While on your train journeys, do you ever miss the comfort of home?
After seven months, I certainly had moments where I lay there in the morning in crumpled clothes with a rumbling stomach dreaming of a bacon sandwich and a hot cup of Yorkshire tea – along with my slippers. But train travel, especially overnight sleeper services often feel like a slumber party and you wake up in a cosy berth with an unexpected view at your feet and that immediately draws you back to where you are. However, I often pack my favourite woolly socks, fancy face cream, tea bags and biscuits that make me feel a bit closer in touch with home.
In your journey across India, you weren’t accompanied by your fiancé. What was it like journeying with your fiancé this time around?
Wonderful and I’d recommend it to anyone who ever thinks about taking a break from the tedium of the nine-to-five to travel. You can always find another job but you never know when you’re going to find yourself unable to travel. Along the journey I often came across retirees who had waited their whole lives to travel only to find themselves bereaved or divorced and travelling alone, too ill to enjoy the destinations or worse — so bored by their partners that they sat a few rows away from them. It made us both more adamant that we wouldn’t ever end up like that and we’d travel as much as we could while we had the health and wealth to do so.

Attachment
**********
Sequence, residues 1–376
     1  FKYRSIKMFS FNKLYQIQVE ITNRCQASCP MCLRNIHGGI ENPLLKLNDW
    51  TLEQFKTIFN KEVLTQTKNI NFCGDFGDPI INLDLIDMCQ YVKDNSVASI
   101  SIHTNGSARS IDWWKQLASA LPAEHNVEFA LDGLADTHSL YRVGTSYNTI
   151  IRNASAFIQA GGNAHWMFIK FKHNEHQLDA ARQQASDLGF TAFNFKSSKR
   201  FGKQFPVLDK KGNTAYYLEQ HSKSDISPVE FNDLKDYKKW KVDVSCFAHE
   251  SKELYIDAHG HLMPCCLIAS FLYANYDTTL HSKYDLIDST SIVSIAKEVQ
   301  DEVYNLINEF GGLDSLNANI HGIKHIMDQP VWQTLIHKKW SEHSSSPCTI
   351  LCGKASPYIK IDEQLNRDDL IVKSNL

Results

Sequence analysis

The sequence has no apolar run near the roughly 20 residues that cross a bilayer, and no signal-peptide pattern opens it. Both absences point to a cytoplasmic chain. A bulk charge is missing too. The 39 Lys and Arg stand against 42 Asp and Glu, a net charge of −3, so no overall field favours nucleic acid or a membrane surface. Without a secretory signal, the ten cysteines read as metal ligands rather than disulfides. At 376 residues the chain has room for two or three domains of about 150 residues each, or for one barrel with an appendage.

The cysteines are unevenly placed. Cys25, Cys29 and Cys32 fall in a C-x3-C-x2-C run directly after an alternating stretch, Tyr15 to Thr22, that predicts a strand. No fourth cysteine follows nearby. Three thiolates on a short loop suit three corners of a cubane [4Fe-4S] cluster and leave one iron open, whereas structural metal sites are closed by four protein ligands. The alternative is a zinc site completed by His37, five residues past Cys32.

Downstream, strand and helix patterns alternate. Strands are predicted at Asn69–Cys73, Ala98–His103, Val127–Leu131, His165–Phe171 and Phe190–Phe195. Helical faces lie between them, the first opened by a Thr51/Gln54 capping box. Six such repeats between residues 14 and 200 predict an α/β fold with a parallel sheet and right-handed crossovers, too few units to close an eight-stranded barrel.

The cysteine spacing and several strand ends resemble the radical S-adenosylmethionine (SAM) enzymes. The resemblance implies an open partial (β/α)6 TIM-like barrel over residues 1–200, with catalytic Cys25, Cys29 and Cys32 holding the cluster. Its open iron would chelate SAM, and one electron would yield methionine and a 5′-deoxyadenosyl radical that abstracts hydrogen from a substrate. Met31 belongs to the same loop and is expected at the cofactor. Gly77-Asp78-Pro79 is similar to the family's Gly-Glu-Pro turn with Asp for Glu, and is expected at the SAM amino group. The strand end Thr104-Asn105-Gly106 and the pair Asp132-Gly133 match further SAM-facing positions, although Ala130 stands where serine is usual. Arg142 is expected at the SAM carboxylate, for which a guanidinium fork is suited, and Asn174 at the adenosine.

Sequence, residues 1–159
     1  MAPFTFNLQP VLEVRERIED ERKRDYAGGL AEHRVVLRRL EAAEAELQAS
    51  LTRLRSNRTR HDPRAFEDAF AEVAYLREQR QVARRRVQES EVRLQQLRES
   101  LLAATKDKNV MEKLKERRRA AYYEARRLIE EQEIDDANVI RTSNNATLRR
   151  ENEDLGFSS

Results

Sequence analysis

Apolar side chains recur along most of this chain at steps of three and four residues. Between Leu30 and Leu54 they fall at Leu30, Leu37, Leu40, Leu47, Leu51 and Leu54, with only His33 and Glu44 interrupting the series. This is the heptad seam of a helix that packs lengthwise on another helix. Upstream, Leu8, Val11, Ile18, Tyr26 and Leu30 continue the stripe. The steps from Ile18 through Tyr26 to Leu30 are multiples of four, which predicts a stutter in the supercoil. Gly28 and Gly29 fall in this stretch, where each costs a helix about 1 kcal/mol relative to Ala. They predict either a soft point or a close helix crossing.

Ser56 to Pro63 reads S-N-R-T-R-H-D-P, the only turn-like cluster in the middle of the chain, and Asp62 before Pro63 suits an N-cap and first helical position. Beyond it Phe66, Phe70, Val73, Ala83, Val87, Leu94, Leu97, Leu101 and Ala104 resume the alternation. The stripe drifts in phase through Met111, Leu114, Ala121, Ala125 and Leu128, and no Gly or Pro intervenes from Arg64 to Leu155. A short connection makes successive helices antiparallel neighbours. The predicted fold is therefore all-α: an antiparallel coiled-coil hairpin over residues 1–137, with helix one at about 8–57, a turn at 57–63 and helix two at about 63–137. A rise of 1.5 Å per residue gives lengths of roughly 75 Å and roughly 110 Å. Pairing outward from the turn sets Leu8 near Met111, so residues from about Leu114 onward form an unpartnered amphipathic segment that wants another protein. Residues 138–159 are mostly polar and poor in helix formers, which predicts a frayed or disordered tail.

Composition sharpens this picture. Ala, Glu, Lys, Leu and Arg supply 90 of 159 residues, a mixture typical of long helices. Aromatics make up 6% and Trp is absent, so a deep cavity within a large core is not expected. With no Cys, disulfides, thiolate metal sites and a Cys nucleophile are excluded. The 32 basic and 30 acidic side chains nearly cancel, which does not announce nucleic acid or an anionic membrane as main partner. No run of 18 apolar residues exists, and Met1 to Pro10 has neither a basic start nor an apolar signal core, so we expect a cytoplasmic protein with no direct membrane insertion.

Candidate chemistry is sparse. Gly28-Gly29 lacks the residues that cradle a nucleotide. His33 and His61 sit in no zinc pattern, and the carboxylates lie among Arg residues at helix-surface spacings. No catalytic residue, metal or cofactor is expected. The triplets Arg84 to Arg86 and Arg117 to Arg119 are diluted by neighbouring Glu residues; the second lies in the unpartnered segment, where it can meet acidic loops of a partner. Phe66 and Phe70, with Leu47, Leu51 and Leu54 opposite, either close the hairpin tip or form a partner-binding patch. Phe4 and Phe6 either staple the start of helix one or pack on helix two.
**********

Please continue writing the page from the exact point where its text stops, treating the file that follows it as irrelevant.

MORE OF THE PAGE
People today, at least in India, travel less and less by train, opting for cars and flights instead. Why would you urge them to get back to the slower mode of train travel? What does the train experience offer that other modes of transport do not?
In practical terms trains aren’t always the best way to travel if you have to commute or be somewhere on time and I understand why, in India particularly, people opt for flying instead. But if you’re blessed with a bit of time on your hands trains bring a whole new dimension to travelling. They’re almost a form of meditation and there’s nothing like a long train journey to calm you down and allow you to breathe in the scenery and take stock of your life for a few hours.